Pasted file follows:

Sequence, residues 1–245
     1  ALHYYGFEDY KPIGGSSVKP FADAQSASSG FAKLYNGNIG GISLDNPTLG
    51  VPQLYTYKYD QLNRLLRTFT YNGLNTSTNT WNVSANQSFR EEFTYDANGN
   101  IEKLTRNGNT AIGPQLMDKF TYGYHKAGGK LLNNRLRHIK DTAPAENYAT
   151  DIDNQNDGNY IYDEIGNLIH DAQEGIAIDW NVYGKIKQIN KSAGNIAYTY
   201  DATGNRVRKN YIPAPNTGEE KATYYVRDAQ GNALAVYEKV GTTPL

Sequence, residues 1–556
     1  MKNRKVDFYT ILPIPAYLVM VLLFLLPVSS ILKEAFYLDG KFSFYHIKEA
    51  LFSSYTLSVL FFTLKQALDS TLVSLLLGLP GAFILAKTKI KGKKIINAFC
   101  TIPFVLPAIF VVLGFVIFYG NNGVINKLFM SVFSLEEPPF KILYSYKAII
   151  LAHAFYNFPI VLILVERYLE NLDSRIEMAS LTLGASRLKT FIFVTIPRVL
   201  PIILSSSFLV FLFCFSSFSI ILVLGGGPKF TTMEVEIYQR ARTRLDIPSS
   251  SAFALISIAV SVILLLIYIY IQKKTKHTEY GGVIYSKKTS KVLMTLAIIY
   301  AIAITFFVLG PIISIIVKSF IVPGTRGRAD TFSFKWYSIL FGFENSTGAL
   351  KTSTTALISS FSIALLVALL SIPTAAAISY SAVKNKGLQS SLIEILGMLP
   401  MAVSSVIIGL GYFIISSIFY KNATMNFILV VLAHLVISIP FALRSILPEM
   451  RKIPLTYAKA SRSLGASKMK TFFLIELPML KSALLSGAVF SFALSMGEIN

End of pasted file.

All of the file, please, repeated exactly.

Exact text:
Sequence, residues 1–245
     1  ALHYYGFEDY KPIGGSSVKP FADAQSASSG FAKLYNGNIG GISLDNPTLG
    51  VPQLYTYKYD QLNRLLRTFT YNGLNTSTNT WNVSANQSFR EEFTYDANGN
   101  IEKLTRNGNT AIGPQLMDKF TYGYHKAGGK LLNNRLRHIK DTAPAENYAT
   151  DIDNQNDGNY IYDEIGNLIH DAQEGIAIDW NVYGKIKQIN KSAGNIAYTY
   201  DATGNRVRKN YIPAPNTGEE KATYYVRDAQ GNALAVYEKV GTTPL

Sequence, residues 1–556
     1  MKNRKVDFYT ILPIPAYLVM VLLFLLPVSS ILKEAFYLDG KFSFYHIKEA
    51  LFSSYTLSVL FFTLKQALDS TLVSLLLGLP GAFILAKTKI KGKKIINAFC
   101  TIPFVLPAIF VVLGFVIFYG NNGVINKLFM SVFSLEEPPF KILYSYKAII
   151  LAHAFYNFPI VLILVERYLE NLDSRIEMAS LTLGASRLKT FIFVTIPRVL
   201  PIILSSSFLV FLFCFSSFSI ILVLGGGPKF TTMEVEIYQR ARTRLDIPSS
   251  SAFALISIAV SVILLLIYIY IQKKTKHTEY GGVIYSKKTS KVLMTLAIIY
   301  AIAITFFVLG PIISIIVKSF IVPGTRGRAD TFSFKWYSIL FGFENSTGAL
   351  KTSTTALISS FSIALLVALL SIPTAAAISY SAVKNKGLQS SLIEILGMLP
   401  MAVSSVIIGL GYFIISSIFY KNATMNFILV VLAHLVISIP FALRSILPEM
   451  RKIPLTYAKA SRSLGASKMK TFFLIELPML KSALLSGAVF SFALSMGEIN